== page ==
Knowing why is as important as knowing how

If we are going to be leaders that inspire and encourage others to achieve great things then we first need to start with the ‘why’, says Fiona Hewitt.     

In June at IMNZ, we ran an Open House speaker series where we had a mix of social entrepreneurs, organisations, innovators and professionals speak on their own inspiring stories of transformation and success.

What struck me in those sessions was that regardless of their career, business or particular story; there was one common theme shared by all. That ‘thing’ that they all shared was a strong sense of purpose.

They were all strongly connected to, and could easily articulate, their sense of purpose; they knew why they do what they do each and every day. It was clear that their sense of purpose or their WHY drives their thinking and action.

Having a strong sense of purpose isn’t new, but in these competitive and fast-changing times I wonder if the sense of purpose that connects us to our organisations and to our people gets lost in the constant drive to meet targets, timelines and all the other constant pressures we face in our jobs.

Absolutely as leaders we need to ensure that we are working towards targets, ensuring that there are the necessary skills, resources and necessary business frameworks so that we run viable and sustainable teams. But if we lose sight on a daily basis of our core purpose and connection to our ‘reason for being’ do we then lose the opportunity for our people to have a strong focus and a clear intent that frames everything that we do and makes sense of WHY we do?

Every single presenter at our Open House sessions knew WHY they were in business, WHY they do what they do and WHY what they do matters. Similarly people like Martin Luther King Jr., Steve Jobs, and the Wright Brothers all started their inspirational journeys with a clear vision, an intent and a WHY.

Simon Sinek; author of Start with Why: How Great Leaders Inspire Everyone to Take Action was curious about what set inspirational leaders and organisations apart from others? And as part of this process he discovered that there was a “naturally occurring pattern, grounded in the biology of human decision-making”.

This helped explain and give meaning to why we are inspired by certain people, leaders, messages and organisations and this stemmed from all these people harnessing the power of WHY.

In this book he uses the example of the Wright Brothers. On paper, Orville and Wilbur Wright were not a recipe for success. They had no money, they were not educated and they were not “connected”. One thing they did have though was a strong vision or purpose – they saw that if they could create a machine that could fly they would change the course of the world.

With their strong sense of WHY, they inspired others to follow them and become part of their relentless quest to create a machine that flew and changed the world.
Interestingly enough their closest rival was a gentleman called Samuel Pierpont Langley, who also wanted to create a machine that flew.

Samuel had all the right ingredients for the task; he was intelligent, had a passion for aeronautics, had powerful friends, had access to the necessary funds, and had a great team around him.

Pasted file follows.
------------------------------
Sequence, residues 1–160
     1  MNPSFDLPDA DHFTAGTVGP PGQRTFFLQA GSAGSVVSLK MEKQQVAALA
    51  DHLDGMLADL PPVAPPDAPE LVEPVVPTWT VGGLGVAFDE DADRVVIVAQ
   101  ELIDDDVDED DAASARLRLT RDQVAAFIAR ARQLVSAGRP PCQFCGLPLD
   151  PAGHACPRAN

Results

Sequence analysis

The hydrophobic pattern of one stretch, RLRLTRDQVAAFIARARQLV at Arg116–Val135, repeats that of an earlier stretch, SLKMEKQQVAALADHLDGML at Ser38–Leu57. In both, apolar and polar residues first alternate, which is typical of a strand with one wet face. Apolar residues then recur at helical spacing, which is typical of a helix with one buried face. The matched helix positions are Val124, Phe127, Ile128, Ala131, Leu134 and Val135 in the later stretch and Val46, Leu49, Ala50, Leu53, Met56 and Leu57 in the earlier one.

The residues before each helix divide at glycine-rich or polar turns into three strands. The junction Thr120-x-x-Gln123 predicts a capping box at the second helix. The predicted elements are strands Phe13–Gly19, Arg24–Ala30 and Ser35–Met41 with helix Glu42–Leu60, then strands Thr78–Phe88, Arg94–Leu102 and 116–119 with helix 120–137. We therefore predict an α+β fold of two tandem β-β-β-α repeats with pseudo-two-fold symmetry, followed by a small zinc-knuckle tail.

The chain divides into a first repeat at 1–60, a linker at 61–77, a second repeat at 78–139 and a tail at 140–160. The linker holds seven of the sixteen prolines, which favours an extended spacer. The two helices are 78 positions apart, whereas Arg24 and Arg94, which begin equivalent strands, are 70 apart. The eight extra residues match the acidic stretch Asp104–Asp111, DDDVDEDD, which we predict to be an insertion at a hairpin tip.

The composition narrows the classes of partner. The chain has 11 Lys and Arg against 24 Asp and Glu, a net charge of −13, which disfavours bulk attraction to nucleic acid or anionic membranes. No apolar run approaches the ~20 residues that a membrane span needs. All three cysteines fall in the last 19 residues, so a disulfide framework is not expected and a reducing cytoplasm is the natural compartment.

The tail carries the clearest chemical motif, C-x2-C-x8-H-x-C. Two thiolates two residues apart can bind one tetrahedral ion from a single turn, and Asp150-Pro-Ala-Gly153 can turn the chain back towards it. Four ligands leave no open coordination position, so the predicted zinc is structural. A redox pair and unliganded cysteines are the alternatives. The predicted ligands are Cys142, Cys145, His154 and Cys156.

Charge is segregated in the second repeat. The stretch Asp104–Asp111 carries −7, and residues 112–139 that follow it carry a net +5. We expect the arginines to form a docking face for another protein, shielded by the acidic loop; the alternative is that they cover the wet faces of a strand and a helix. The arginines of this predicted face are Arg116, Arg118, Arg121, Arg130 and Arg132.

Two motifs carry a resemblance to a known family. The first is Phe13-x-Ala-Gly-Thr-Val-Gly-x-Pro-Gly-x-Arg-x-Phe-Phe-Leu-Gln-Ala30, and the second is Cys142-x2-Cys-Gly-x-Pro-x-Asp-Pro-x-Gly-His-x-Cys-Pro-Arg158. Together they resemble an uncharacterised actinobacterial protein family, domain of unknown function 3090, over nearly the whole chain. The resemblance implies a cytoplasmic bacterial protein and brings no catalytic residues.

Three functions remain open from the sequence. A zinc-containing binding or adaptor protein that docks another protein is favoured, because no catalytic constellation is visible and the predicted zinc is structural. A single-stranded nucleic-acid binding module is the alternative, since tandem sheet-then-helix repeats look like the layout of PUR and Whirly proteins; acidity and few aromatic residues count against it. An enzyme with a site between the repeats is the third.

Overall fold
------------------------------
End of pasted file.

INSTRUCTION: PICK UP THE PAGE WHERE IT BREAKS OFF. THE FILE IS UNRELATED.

He had all that but he did not have a strong sense of purpose or why. His driving purpose was around WHAT creating a “flying machine” would give him –he wanted riches and to be famous.

When the Wright Brothers eventually took flight for the first time – he quit. Instead of using their success to drive him to further improve the experience of flying he walked away.

This would appear to demonstrate his low level of commitment and connection to his sense of purpose of creating a flying machine.

So why the WHY can have such an impactful effect on organisations and team is in the impact and influence it has on the brain. The human brain is broken down into a number of different parts. Our newest brain – Homosapien brain or our neocortex, corresponds with the “what” level. The neocortex is responsible for all of our rational and analytical thought and language.

The middle two sections make up our limbic brains and they are responsible for all of our feelings, like trust and loyalty. It’s also responsible for all human behaviour, all decision-making and it has no capacity for language.

So when we communicate using complex information such as facts, figures, features and benefits we can process the information and understand it. But it doesn’t impact or drive our behaviour or feelings.

But when we communicate, talking directly to the neo-cortex part of the brain that controls behaviour, we give people the opportunity to emotionally connect to what is being said.

This is why the sense of WHY for organisations, and ultimately for our customers, is so important; it allows the opportunity for people to feel, trust and believe in what you are doing or offering; in a way that facts or figures never will.

Getting people to believe in you and what you do will mean that what they do each and every day isn’t just a job, or a pay check. It is a personal mission for them too. Just like the team of people that supported and helped the Wright Brothers achieve the dream of flying.

Of course we have to know what we need to do to succeed as leaders and/or as an organisation as well as knowing how we are going to get there. But if we are going to be leaders that inspire and encourage others to achieve great things then we first need to start with the WHY. 

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